charity to part with anything of which he, living, might make use.

But as all mortal things are momentary, and no certainty can be found in this uncertain
world, so Gorinius (for that shall be this usurer's name), after many a gouty pang that had
pinched his exterior parts, many a curse of the people that mounted into heaven's
presence, was at last with his last summons by a deadly disease arrested, whereagainst,

Modern spelling transcript copyright 1996 Nina Green All Rights Reserved
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GREENE'S GROATSWORTH OF WIT 4
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when he had long contended, and was by physicians given over, he called his two sons
before him, and, willing to perform the old proverb Qualis vita finis ita [=As the life, so
the end], he thus prepared himself, and admonished them.

My sons (for so your mother said ye were, and so I assure myself one of you is, and of the
other I will make no doubt), you see the time is come which I thought would never have
approached, and we must now be separated, I fear never to meet again. This sixteen
years daily have I lived vexed with disease, and might I live sixteen more, however
miserably, I should think it happy. But death is relentless, and will not be entreated;
witless, and knows not what good my gold might do him; senseless, and hath no pleasure
in the delightful places I would offer him. In brief, I think he hath with this fool my eldest
son been brought up in the university, and therefore accounts that in riches is no virtue.
But thou, my son (laying then his hand on the younger's head), have thou another spirit,
for without wealth, life is a death. What is gentry, if wealth be wanting, but base servile
beggary? Some comfort yet it is unto me to think how many gallants sprung of noble
parents have crouched to Gorinius to have sight of his gold (O gold, desired gold,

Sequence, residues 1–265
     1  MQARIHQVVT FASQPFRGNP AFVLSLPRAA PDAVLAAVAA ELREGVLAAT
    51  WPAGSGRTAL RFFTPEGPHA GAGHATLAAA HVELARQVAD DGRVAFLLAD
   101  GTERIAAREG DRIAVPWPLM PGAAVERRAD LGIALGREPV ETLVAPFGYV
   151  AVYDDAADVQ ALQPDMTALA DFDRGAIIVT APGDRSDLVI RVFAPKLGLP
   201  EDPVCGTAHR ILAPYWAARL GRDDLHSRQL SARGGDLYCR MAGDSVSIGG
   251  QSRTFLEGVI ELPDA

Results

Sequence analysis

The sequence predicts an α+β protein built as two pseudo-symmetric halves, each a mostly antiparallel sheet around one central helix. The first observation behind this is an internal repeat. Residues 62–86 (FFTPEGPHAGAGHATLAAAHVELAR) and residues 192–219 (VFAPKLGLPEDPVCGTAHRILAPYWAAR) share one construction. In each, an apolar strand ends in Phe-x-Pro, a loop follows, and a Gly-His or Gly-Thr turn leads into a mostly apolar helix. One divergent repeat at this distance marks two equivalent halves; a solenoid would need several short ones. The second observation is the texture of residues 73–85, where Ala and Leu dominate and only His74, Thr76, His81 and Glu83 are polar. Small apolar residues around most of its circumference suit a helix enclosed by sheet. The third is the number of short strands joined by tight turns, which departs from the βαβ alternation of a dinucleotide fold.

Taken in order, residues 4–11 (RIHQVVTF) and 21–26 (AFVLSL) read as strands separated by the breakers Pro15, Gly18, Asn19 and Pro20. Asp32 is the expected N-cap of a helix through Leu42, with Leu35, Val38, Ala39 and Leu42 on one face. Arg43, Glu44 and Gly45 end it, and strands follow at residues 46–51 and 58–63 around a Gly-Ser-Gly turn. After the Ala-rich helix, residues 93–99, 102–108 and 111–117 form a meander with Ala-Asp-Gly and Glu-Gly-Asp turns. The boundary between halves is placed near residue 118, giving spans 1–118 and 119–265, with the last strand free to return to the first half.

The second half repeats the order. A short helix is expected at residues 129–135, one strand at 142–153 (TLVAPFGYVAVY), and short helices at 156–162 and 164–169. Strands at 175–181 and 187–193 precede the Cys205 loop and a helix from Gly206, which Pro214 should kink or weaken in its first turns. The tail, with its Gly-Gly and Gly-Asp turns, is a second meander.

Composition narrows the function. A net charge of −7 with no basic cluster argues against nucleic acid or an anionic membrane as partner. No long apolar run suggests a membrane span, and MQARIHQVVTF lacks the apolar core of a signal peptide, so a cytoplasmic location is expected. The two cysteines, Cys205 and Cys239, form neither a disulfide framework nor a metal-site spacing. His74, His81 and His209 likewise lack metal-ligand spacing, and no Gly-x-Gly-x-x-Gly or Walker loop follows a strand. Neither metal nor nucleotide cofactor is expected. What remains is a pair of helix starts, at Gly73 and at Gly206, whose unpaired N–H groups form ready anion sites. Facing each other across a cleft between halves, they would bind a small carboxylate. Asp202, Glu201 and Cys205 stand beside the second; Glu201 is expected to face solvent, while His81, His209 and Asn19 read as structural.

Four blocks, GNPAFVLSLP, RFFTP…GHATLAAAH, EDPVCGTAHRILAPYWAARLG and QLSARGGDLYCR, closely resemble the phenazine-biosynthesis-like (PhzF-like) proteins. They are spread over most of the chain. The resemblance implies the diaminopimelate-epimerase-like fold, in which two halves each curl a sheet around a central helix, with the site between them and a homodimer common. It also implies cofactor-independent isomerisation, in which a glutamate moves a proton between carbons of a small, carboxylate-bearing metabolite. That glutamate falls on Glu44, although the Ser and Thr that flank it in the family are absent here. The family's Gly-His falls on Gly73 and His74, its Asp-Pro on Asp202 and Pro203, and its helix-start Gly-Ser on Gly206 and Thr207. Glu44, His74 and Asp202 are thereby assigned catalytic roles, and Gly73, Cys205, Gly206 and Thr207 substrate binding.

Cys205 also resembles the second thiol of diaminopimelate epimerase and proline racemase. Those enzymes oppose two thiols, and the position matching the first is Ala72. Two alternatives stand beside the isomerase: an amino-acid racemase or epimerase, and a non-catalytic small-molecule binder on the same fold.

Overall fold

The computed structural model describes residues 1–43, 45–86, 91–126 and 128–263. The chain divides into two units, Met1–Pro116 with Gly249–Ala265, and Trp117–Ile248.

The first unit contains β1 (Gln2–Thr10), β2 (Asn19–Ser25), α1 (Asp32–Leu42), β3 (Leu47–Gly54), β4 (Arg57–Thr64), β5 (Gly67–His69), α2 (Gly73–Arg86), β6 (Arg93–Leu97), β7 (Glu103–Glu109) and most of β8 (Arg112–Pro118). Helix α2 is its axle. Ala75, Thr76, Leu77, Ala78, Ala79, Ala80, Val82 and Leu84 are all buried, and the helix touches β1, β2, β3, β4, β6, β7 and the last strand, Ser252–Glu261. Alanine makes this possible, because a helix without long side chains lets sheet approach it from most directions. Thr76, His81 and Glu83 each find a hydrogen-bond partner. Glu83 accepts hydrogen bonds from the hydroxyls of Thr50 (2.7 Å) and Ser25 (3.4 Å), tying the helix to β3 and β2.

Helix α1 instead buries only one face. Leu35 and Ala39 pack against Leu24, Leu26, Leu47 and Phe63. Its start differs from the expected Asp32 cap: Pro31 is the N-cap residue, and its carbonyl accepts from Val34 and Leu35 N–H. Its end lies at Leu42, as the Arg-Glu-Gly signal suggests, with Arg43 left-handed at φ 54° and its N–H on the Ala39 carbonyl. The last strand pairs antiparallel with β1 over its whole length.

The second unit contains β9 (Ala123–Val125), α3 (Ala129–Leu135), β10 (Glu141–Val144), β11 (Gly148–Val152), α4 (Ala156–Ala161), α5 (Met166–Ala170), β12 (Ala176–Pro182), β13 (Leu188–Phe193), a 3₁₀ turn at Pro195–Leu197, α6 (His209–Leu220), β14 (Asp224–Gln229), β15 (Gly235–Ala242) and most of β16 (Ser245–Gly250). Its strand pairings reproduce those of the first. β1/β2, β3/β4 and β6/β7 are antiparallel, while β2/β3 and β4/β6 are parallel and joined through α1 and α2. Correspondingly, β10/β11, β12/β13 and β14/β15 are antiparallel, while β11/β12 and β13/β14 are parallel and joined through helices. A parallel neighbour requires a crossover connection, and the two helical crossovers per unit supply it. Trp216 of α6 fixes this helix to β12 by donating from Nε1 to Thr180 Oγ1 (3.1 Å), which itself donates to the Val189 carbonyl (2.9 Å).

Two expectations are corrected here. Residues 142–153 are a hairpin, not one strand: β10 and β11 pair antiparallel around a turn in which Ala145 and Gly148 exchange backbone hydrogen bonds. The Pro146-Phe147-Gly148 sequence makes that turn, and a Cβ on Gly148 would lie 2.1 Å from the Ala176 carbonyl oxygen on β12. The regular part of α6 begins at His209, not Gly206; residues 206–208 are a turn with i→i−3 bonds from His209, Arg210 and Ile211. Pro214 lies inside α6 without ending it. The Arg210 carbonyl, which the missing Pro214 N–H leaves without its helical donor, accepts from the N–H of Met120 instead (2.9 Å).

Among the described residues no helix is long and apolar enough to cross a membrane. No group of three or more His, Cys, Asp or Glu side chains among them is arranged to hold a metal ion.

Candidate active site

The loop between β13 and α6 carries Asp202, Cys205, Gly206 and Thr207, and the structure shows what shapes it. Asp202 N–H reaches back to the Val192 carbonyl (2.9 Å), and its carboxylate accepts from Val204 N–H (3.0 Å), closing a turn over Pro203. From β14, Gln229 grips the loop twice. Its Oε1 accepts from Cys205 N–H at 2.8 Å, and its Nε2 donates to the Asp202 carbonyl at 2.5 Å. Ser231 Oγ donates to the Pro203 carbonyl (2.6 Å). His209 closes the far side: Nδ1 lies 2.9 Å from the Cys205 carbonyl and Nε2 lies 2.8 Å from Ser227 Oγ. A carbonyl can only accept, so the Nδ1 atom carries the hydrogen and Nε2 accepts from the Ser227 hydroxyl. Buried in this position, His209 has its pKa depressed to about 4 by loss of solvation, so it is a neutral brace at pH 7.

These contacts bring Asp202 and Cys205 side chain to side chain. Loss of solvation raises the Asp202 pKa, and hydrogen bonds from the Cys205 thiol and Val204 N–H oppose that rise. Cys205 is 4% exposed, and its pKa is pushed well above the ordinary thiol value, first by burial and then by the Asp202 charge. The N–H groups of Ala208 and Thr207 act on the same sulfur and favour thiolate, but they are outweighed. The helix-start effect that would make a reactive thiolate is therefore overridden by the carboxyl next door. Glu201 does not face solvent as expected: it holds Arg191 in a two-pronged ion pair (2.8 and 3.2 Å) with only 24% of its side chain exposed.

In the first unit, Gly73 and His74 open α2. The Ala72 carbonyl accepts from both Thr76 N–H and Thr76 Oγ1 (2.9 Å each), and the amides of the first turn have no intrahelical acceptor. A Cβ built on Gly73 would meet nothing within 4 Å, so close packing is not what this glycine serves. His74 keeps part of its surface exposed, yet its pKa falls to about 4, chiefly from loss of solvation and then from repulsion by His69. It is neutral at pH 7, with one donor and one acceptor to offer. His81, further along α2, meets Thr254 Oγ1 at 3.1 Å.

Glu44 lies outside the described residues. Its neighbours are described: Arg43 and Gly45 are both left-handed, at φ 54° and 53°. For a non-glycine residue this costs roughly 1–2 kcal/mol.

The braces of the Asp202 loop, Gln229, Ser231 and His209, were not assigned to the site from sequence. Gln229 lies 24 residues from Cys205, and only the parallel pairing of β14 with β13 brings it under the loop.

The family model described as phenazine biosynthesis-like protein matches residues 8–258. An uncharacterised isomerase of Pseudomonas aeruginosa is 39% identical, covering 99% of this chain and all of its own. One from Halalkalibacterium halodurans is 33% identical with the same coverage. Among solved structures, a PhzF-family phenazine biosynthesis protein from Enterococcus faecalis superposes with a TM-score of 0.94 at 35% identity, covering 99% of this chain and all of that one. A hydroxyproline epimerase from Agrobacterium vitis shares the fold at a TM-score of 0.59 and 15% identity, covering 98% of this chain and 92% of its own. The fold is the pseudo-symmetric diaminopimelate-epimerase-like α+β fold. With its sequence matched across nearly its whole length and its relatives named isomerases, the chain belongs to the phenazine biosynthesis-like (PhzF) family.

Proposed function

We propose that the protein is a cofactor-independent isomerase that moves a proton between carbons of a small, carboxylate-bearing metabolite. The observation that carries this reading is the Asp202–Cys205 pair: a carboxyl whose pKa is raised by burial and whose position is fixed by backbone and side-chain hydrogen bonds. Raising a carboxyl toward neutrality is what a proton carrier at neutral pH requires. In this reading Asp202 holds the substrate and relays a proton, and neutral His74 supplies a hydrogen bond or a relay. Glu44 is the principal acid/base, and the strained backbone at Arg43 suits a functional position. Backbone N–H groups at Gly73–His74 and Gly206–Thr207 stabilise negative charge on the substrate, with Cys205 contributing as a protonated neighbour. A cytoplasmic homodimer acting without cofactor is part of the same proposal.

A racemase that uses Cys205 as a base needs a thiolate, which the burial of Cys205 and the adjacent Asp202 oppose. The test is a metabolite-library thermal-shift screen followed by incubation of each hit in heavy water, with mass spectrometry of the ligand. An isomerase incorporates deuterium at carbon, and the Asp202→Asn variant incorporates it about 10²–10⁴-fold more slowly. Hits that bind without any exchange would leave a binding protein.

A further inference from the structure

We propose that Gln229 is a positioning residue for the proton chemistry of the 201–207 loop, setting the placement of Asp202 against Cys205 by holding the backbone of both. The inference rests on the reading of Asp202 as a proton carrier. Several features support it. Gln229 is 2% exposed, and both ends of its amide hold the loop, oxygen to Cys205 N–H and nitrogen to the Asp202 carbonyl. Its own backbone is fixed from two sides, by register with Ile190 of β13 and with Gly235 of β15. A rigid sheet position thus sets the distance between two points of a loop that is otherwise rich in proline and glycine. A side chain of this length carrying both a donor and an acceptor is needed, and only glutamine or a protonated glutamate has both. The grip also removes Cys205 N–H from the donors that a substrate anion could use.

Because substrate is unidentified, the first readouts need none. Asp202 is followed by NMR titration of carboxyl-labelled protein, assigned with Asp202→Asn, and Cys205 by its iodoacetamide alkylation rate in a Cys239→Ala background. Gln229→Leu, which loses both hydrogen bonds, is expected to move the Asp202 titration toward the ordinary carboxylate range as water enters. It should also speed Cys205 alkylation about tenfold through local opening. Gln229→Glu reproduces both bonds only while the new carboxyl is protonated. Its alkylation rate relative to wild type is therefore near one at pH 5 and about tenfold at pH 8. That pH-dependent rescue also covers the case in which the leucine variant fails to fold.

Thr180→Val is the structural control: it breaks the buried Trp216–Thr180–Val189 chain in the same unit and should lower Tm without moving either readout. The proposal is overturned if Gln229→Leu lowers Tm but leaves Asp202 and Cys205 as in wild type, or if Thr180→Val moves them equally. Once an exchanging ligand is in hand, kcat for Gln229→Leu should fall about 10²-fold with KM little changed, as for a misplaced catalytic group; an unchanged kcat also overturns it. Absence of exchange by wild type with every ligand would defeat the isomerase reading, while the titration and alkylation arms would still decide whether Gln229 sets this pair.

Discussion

admired gold!), and have lost their patrimonies to Gorinius because they have not
returned by their day that adored creature, how many scholars have written rimes in
Gorinius' praise, and received (after long capping and reverence), a sixpenny reward in
sign of my superficial liberality. Briefly, my young Lucanio, how I have been reverenced
thou seest, when honester men, I confess, have been set far off. For to be rich is to be
anything, wise, honest, worshipful, or what not? I tell thee, my son, when I came first to
this city my whole wardrobe was only a suit of white sheepskins; my wealth an old groat;
my wonning, the wide world. At this instant (O grief, to part with it), I have in ready coin
threescore thousand pound; in plate and jewels, 15 thousand; in bonds and specialties as
much; in land, nine hundred pound by the year, all which, Lucanio, I bequeath to thee.
Only I reserve for Roberto, thy well-read brother, an old groat (being the stock I first
began with), wherewith I wish him to buy a groatsworth of wit, for he in my life hath
reproved my manner of life, and therefore at my death shall not be contaminated with
corrupt gain.

Here, by the way, gentlemen, must I digress to show the reason of Gorinius' present
speech. Roberto being come from the Academy to visit his father, there was a great feast
provided where, for table-talk, Roberto, knowing his father and most of the company to
be execrable usurers, inveighed mightily against that abhorred vice, insomuch that he urged
tears from divers of their eyes, and compunction in some of their hearts. Dinner being
past, he comes to his father, requesting him to take no offence at his liberal speech, seeing
what he had uttered was truth. Angry, son? said he. No, by my honesty (and that is
somewhat, I may say to you), but use it still, and if thou canst persuade any of my
neighbours from lending upon usury, I should have the more customers. To which, when